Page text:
Member Spotlight: Dr. Catherine Kuhn on Shifting Attitudes Toward Physician Burnout

  

Catherine Kuhn, MD, knows there are some in the medical community who still view “burnout” as a sign that certain physicians just can’t cut it. In this Member Spotlight, she tells ASA Community how she’s working to counteract the old thinking both personally and professionally, using her position in the graduate medical education community to help reframe the issue in terms of physician well-being, not weakness.



Research shows that burnout poses a real threat to physicians, their patients, and their practices, but some physicians – even in conversation here in ASA Community – still consider “burnout” to be a sign of weakness. What do you tell colleagues who may still be skeptical about addressing burnout at the institutional level?

I know anesthesiologists and surgeons (among other specialties) who feel that acknowledging burnout could be perceived as a sign of weakness. For years, physicians have put the needs of their patients and colleagues ahead of their own needs. Taken to an extreme, this over-exuberant altruism becomes exhausting, and physicians can lose their compassion and empathy for their patients and each other. We know from institutional surveys that clinical areas with higher burnout scores in their staff have more turnover and staff with less career satisfaction. Equally important, though, is that patient outcomes in areas where there is a high degree of burnout are worse.  For these reasons, it’s important to address burnout.

In the graduate medical education community, there is increasing accreditation emphasis on ensuring the well-being of our residents and fellows, as well as for faculty, who are role models for trainees. That emphasis is starting to make conversations about caring for oneself a little easier. Removing barriers at work so that physicians spend their time doing skilled patient care, rather than administrative work, is critical. It’s not about how hard we work—physicians work very hard to get through medical school and residency—and the vast majority of physicians are highly dedicated to their patients and ensuring they get good care.  Burnout happens when people are no longer finding meaning or joy in their work.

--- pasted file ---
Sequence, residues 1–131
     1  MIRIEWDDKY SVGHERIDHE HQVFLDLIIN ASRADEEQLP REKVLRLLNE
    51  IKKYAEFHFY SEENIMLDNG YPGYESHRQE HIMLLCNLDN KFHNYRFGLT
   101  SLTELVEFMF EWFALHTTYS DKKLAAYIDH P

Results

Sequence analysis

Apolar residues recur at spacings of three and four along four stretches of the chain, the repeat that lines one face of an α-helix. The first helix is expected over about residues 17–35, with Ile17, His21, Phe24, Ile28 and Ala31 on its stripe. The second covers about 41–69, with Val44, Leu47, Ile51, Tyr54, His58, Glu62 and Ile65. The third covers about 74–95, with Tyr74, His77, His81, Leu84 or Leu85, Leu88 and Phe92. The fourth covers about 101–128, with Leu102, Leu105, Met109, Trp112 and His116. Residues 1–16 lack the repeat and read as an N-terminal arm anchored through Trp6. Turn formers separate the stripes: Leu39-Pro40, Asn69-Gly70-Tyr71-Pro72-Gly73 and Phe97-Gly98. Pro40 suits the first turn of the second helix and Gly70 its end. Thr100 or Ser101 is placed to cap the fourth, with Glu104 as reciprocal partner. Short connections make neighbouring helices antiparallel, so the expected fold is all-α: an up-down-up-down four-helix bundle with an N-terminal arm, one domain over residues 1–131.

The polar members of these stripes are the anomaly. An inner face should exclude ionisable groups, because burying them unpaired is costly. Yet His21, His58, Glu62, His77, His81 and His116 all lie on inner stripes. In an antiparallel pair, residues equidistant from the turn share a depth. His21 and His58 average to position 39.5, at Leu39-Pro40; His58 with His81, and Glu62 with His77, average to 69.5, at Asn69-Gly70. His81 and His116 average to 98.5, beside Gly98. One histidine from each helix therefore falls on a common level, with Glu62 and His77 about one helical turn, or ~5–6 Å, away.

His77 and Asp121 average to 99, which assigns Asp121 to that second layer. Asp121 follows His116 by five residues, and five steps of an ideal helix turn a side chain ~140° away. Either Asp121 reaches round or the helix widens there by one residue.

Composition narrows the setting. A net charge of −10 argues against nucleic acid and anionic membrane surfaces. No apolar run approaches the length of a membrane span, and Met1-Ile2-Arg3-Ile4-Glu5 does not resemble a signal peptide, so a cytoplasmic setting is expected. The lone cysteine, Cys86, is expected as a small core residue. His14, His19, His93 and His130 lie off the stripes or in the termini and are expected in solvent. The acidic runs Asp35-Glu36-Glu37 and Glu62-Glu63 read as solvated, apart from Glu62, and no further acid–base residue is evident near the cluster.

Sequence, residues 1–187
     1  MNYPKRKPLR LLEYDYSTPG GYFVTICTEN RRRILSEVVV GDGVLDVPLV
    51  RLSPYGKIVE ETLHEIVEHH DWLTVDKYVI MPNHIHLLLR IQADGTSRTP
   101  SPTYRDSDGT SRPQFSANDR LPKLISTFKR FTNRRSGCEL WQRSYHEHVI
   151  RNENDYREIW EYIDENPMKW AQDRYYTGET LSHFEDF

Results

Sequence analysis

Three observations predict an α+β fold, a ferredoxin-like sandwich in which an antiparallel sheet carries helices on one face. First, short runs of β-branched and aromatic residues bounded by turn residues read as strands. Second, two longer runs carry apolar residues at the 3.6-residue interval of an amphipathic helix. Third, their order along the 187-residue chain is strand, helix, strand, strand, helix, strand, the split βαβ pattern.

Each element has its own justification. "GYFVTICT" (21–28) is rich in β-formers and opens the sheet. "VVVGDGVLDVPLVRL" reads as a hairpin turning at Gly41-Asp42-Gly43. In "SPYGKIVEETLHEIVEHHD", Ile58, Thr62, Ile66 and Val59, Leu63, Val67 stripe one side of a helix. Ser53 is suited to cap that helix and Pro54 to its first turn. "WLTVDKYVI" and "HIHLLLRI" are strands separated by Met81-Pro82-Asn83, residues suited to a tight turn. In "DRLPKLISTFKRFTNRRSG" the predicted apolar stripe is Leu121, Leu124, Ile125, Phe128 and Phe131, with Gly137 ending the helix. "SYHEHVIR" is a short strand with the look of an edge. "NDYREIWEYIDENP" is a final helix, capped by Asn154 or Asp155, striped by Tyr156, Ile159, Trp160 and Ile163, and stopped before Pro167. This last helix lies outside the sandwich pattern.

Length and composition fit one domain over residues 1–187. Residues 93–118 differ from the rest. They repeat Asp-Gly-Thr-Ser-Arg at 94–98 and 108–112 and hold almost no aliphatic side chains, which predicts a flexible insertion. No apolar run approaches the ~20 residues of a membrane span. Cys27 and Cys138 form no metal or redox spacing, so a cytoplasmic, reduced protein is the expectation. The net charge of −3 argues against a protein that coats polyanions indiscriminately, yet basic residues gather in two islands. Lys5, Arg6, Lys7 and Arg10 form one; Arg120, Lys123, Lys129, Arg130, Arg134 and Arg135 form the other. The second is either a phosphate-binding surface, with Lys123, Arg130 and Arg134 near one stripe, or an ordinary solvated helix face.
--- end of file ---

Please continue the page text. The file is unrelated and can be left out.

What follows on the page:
The COVID-19 pandemic has sent physicians’ stress level through the roof. What are you seeing and hearing anecdotally about the effects on physician well-being, and how does that inform your approach to promoting healthy strategies and perspectives?

From an institutional perspective, as the Associate Dean and Director of GME, I have been concerned about residents and fellows who have matriculated this year.  They have moved to our area, potentially without friends and family nearby, and we have had such limitations on being together in community. There are limits to what can be accomplished virtually, either for social reasons, or in patient care. All physicians have had fears about their own health and that of their families, in addition to the challenges of child care and schooling. Early in the pandemic, hearing about events in other parts of the country (e.g. scarce PPE and other resources) created anguish for our team members even though our area was not similarly impacted.  I have been impressed with how physicians, including residents, fellows and program directors have been juggling their family obligations and career demands during the pandemic, and I worry about the toll that all of this takes, which will endure beyond the pandemic.  Being apart from each other makes it harder to check in with each other and to partake of activities that normally sustain us.